Going in the great outdoors

By Colin Hogarth

For decades bothy users and backpackers have been encouraged to 'do their business' in as considerate and an environmentally-friendly a way as possible out in the wilds. This means taking a trowel to a quiet spot well away from streams and paths and digging a little hole in the ground for excrement and the accompanying toilet roll (better still use moss). Most bothies are equipped with a spade for this purpose.

Unfortunately some people don't bother to think of others when launching the old battleship out of doors. If it's cold, wet and windy, you'll often find people taking the easy option of squatting down against the back wall of the bothy, rather than venturing a little further afield. You only have to visit Corrour at the south end of the Lairig Ghru to see the damage this does - little piles of human waste and toilet paper scattered over the hillside. Aswell as being unsightly, this presents a very real health problem to walkers and animals and also upsets landowners. Human waste disposed of insensitively can lead to other people coming into contact with it, infection of water courses, visual pollution and odour and animals picking it up and further dispersing it.

In a bid to combat the problem, the Mountaineering Council of Scotland has taken the unusual step of publishing a leaflet entitled: 'Where to go in the great outdoors'. Broaching what is often regarded as a taboo subject was broadly welcomed by outdoor enthusiasts and organisations, despite some negative press from the tabloids.

This free publication gives advice on best practice for crapping in the countryside and also highlights some of the potential health risks presented by carelessly placed human waste. The potentially fatal E. Coli 0157 bug is just one pathogen which can find its way from the human gut into watercourses, and then into other people.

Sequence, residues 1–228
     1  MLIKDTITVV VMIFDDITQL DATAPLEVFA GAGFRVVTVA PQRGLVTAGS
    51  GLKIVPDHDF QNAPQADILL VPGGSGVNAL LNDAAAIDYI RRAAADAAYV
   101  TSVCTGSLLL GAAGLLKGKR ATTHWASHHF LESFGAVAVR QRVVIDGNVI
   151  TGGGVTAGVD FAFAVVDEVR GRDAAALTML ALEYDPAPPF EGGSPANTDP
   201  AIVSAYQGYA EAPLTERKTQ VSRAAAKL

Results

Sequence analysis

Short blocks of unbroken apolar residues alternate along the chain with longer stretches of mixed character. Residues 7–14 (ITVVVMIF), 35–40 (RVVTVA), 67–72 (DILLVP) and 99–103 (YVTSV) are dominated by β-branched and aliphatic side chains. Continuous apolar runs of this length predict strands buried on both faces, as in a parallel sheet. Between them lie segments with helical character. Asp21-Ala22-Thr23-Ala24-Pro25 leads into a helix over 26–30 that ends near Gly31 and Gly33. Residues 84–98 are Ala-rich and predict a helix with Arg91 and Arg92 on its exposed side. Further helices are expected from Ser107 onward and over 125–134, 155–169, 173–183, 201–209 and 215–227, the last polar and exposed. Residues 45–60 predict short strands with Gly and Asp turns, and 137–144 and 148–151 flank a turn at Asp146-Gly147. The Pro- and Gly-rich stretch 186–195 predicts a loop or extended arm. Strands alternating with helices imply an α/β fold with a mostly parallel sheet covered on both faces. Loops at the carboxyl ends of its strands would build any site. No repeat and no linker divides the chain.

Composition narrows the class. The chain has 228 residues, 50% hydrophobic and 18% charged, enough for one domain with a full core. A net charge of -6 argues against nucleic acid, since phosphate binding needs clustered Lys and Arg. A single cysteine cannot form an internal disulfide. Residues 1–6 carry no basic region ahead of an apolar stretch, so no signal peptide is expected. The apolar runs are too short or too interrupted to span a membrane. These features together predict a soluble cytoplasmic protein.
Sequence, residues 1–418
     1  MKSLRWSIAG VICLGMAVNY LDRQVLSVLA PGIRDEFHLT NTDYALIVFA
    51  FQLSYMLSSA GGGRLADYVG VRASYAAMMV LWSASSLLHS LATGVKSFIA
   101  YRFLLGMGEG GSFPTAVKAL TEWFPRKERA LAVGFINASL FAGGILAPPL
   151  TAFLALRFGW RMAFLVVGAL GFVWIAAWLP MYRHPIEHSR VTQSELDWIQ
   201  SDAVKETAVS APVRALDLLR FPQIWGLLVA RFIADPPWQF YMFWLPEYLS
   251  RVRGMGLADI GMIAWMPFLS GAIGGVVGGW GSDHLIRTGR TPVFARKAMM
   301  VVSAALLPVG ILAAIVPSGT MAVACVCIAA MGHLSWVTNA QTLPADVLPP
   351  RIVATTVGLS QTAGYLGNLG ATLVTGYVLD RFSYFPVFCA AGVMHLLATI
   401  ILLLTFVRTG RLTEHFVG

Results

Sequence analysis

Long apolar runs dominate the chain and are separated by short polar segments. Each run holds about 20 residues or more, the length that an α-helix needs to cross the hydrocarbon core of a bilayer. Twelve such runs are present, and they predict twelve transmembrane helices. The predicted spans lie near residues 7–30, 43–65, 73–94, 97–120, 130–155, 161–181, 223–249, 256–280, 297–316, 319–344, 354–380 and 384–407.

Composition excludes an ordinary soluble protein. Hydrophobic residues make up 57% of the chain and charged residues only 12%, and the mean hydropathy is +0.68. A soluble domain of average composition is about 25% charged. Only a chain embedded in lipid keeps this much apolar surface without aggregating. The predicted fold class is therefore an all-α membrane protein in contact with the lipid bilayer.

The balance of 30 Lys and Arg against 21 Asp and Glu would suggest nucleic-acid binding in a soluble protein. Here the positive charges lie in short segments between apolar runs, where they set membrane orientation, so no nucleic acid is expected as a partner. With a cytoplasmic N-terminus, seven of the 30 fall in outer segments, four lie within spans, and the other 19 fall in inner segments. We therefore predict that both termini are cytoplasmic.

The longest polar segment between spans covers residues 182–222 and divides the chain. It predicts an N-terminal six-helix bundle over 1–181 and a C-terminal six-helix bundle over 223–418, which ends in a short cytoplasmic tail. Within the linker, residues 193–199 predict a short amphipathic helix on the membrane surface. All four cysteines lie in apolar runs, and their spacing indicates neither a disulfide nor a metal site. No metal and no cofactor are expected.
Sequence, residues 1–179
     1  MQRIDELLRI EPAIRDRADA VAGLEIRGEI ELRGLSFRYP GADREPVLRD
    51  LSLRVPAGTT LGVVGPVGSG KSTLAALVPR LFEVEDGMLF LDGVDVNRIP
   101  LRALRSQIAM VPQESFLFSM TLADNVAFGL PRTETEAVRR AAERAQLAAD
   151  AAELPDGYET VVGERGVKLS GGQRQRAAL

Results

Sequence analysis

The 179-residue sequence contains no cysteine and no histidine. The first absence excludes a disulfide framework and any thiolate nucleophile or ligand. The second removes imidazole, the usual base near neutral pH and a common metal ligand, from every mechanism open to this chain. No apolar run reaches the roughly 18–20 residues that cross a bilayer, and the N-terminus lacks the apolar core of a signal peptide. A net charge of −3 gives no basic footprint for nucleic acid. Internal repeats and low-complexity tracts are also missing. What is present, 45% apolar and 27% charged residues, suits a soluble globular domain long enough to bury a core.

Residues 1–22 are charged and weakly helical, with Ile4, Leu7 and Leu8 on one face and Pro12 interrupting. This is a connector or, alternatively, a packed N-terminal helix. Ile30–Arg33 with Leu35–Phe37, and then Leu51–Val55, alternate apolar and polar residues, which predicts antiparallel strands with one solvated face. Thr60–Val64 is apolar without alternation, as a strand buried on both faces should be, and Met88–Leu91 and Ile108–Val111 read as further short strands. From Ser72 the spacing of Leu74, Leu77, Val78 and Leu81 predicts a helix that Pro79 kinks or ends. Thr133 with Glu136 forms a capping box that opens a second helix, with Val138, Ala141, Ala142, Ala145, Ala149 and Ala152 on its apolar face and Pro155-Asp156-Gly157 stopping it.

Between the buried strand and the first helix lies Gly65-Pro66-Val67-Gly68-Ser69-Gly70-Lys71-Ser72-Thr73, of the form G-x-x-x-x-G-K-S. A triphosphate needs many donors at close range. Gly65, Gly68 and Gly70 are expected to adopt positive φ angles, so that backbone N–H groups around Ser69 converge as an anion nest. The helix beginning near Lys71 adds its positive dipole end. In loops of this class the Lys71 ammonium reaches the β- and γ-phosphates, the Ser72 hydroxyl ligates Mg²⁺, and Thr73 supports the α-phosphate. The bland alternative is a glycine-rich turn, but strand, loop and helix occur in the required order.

For a number of years the Mountain Bothies Association has been working on ways to address the issue as bothies come under increasing pressure from users. More and more people staying overnight means more and more people likely to go to the toilet in the immediate environs.

Members experimented with various ideas initially. As an example Allt Sheicheachan has a makeshift toilet set into moorland a hundred yards or so from the bothy. It's no more than a wooden box with a round hole cut in the top and a big pit below. It's far from perfect and prompted a more cohesive approach to the problem.

A number of bothies now have their own toilets, plumbed into septic tanks and run-off systems. One is Gelder Shiel on the Balmoral Estate. Last year I attended a work party where the final phase of the project was undertaken.

The squat toilet had been created several months earlier. The septic tank was dug into the ground below the bothy using a JCB. Pipework was laid over a series of workparties, one section linking the tank to the toilet and another to the underground network of pipes providing the soak away for liquid.

The toilet itself is very much in the style of a French public loo - a concrete base with a hole in it. This leads to an access chamber, then down to the tank. The base was built during the winter of 1998 against the rear wall of the bothy. The toilet hut arrived at Gelder Shiel in October 1999, in flatpack form. Area organiser Alastair Lings had prefabricated some sections and measured and cut timber for the rest and the package was transported from Galashiels to Gelder Shiel in a Luton van which negotiated the track to the bothy in the dead of night without incident.